Communicating Christ for a New Evangelization

Authored by Dr. James Pauley in Issue #1.1 of Catechetical Review

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Welcome to Franciscan University’s new catechetical journal! As we commemorate the twentieth anniversary of the founding of our academic Catechetics program, we offer this quarterly journal to the wider catechetical community. It is this generous community and those they serve who are particularly integral to the Church’s hope for carrying out Christ’s missionary mandate:

Go, therefore, and make disciples of all nations, baptizing them in the name of the Father, and of the Son, and of the holy Spirit, teaching them to observe all that I have commanded you. And behold, I am with you always, until the end of the age (Mt. 19-20).

Jesus’ “Great Commission” to the nascent Church has echoed down to each generation through the grace of God and the responsiveness of many faithful disciples. Catechists in particular embrace the responsibility to teach the fullness of the faith and to invite others into the joy of life in Christ. The catechist does not carry out this mission alone, however; we know that in this sacred ecclesial activity of passing on the teaching of Christ, the Lord Jesus himself is mysteriously present and at work. In catechesis, not only do we communicate his teaching, but he also meets us in a profound, divine encounter. How is this so? I’d like to suggest two particular ways the catechetical encounter with Christ unfolds.

First, substantial experiences of prayer within catechesis become possibilities for genuine contact with God. Coming face-to-face with God not only happens when we go on retreat, join a prayer group, participate in the sacraments, or give of ourselves to another in need. Such a meeting also happens in the catechetical setting anytime prayer from the heart is cultivated. Five or even ten minutes of quality prayer may be the most important moments of a catechesis. It becomes an experience of hearing and responding to Christ who “stands at the door and knocks” (cf. Rev. 3:20).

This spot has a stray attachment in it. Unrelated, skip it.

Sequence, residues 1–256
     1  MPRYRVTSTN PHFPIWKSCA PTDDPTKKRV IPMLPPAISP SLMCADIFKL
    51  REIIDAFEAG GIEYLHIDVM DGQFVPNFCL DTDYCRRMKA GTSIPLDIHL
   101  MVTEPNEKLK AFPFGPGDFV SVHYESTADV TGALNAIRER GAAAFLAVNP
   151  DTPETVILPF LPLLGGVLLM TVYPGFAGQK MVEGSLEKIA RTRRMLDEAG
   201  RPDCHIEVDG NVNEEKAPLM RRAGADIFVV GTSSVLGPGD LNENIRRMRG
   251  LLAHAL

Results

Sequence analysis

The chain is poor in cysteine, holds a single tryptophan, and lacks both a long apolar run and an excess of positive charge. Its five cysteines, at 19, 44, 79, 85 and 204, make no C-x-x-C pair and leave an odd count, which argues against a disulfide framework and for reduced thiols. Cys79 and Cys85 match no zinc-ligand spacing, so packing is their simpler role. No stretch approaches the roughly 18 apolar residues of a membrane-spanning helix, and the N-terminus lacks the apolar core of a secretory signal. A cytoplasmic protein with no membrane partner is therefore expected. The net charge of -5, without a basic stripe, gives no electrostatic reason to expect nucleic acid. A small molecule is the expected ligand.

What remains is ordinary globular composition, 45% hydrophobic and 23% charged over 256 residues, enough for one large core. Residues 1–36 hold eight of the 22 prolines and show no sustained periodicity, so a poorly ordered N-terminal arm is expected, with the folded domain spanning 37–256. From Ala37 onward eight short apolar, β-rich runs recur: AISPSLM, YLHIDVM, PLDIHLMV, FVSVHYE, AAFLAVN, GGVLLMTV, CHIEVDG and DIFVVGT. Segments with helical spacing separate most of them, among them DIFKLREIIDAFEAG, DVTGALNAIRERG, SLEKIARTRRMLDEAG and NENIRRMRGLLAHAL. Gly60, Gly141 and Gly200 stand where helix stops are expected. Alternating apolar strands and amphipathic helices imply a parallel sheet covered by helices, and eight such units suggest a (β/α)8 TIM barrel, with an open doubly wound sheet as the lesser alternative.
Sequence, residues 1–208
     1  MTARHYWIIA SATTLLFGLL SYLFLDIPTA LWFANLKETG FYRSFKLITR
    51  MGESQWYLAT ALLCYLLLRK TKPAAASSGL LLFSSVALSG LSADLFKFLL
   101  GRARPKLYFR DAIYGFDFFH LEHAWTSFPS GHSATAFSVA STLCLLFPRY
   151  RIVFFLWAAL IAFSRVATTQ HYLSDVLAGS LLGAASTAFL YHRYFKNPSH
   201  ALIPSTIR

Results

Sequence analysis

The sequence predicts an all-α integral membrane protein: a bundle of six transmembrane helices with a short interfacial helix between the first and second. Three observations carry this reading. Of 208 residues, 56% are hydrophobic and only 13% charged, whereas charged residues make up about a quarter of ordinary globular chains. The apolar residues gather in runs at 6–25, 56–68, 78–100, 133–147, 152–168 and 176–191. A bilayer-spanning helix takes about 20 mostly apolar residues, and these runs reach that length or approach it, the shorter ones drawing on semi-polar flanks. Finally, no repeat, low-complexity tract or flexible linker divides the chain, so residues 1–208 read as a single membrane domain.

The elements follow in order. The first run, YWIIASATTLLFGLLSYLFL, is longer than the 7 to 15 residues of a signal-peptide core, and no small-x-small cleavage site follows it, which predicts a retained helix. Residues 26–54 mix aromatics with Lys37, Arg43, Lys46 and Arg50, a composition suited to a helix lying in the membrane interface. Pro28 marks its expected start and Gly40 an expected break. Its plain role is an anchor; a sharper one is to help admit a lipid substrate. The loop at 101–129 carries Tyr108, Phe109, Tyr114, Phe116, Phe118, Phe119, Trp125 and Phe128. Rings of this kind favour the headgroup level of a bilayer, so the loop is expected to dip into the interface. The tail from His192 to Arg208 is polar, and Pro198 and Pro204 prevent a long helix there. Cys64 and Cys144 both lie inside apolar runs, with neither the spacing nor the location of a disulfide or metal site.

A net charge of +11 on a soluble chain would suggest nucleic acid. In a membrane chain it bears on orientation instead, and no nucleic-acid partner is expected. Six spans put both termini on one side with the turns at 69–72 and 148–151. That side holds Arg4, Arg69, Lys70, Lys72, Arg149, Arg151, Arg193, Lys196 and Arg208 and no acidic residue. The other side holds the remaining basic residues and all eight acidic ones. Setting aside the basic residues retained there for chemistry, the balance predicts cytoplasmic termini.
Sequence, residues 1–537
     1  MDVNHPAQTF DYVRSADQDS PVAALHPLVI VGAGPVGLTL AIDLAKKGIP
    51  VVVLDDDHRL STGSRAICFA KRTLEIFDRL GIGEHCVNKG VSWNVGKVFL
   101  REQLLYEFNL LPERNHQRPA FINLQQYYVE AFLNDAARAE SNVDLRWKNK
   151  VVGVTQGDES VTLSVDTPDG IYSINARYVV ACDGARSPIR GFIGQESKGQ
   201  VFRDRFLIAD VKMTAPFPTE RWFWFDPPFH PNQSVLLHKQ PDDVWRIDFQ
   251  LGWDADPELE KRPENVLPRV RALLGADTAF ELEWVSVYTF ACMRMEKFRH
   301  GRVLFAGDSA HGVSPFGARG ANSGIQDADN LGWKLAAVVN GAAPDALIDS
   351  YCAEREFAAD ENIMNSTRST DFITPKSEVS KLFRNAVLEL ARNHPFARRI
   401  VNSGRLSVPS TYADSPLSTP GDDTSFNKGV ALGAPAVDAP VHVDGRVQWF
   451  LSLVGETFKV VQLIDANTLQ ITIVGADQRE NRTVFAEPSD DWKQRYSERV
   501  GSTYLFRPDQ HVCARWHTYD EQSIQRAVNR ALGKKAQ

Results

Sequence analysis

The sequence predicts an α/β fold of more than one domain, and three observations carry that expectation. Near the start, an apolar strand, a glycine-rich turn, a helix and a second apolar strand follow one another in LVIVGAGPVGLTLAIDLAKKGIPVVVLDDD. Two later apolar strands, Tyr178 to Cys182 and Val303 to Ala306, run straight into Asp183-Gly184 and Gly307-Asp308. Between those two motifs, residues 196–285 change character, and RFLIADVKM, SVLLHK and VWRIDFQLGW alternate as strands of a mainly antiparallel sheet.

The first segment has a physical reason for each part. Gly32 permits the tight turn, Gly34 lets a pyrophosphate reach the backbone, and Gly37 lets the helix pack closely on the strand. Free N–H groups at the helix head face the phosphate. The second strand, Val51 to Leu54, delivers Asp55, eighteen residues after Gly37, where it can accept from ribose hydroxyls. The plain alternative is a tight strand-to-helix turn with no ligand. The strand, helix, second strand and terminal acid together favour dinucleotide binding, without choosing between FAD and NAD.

If those we teach prayerfully enter into genuine contact with God in these opening minutes, a deep desire for God subsequently arises. Cooperation with the ever-present grace of Christ throughout the catechesis becomes more likely. Those initial moments of communion with the Lord are, in fact, unparalleled in their impact upon the receptivity and responsiveness of everyone presentincluding the catechist.

Second, catechesis itself is profoundly centered on Christ. Pope St. John Paul II identified the catechist so intimately with the Divine Teacher and the content of catechesis so closely with the Mystery of Christ that he was able to say: “in catechesis it is Christ, the Incarnate Word and Son of God, who is taught – everything else is taught with reference to Him – and it is Christ alone who teaches – anyone else teaches to the extent that he is Christ’s spokesman, enabling Christ to teach with his lips.”[1]  Catechetical participants encounter Christ, therefore, because in a mysterious way they are hearing Christ speak and meeting him in the content of catechesis. Catechists, then, must be heralds of the Good News, communicating the Deposit of Faith that has been entrusted to the Church by Christ himself. This responsibility entrusted to the catechist is so sacred and significant, that the task of catechesis is considered by the Church to be a vocation.[2]  The catechist is called to this work by God, and this work of communicating Christ is a sure path to holiness.